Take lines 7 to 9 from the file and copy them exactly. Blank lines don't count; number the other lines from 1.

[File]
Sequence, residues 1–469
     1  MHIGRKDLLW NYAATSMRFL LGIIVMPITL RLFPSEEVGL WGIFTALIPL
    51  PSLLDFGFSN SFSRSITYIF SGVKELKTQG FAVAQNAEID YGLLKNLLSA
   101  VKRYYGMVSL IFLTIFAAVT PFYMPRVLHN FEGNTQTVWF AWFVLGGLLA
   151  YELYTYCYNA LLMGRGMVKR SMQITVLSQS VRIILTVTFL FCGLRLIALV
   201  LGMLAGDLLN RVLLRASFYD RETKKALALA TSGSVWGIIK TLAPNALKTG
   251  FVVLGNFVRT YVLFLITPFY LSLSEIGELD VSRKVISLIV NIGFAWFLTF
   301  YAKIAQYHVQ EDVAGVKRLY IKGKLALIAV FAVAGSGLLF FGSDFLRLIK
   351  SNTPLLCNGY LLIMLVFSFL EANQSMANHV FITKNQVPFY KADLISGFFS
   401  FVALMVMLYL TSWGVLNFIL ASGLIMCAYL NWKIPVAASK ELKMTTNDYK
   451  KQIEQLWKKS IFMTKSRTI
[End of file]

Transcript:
   251  FVVLGNFVRT YVLFLITPFY LSLSEIGELD VSRKVISLIV NIGFAWFLTF
   301  YAKIAQYHVQ EDVAGVKRLY IKGKLALIAV FAVAGSGLLF FGSDFLRLIK
   351  SNTPLLCNGY LLIMLVFSFL EANQSMANHV FITKNQVPFY KADLISGFFS